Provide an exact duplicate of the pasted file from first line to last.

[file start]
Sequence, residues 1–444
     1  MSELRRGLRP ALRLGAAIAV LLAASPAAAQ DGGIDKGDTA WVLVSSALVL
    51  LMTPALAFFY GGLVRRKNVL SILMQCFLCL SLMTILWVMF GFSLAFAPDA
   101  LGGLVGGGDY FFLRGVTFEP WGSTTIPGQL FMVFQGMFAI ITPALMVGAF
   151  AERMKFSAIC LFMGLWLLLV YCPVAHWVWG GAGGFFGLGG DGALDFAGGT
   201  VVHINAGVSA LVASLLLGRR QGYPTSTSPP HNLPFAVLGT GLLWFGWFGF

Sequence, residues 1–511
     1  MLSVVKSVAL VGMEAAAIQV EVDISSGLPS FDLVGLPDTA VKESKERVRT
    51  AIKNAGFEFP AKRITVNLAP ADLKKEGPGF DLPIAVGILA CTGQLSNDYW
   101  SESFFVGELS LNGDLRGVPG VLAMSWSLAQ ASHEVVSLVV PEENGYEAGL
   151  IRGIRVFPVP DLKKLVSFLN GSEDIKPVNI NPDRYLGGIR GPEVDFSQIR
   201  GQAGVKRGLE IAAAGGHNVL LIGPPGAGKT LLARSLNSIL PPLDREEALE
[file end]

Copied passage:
Sequence, residues 1–444
     1  MSELRRGLRP ALRLGAAIAV LLAASPAAAQ DGGIDKGDTA WVLVSSALVL
    51  LMTPALAFFY GGLVRRKNVL SILMQCFLCL SLMTILWVMF GFSLAFAPDA
   101  LGGLVGGGDY FFLRGVTFEP WGSTTIPGQL FMVFQGMFAI ITPALMVGAF
   151  AERMKFSAIC LFMGLWLLLV YCPVAHWVWG GAGGFFGLGG DGALDFAGGT
   201  VVHINAGVSA LVASLLLGRR QGYPTSTSPP HNLPFAVLGT GLLWFGWFGF

Sequence, residues 1–511
     1  MLSVVKSVAL VGMEAAAIQV EVDISSGLPS FDLVGLPDTA VKESKERVRT
    51  AIKNAGFEFP AKRITVNLAP ADLKKEGPGF DLPIAVGILA CTGQLSNDYW
   101  SESFFVGELS LNGDLRGVPG VLAMSWSLAQ ASHEVVSLVV PEENGYEAGL
   151  IRGIRVFPVP DLKKLVSFLN GSEDIKPVNI NPDRYLGGIR GPEVDFSQIR
   201  GQAGVKRGLE IAAAGGHNVL LIGPPGAGKT LLARSLNSIL PPLDREEALE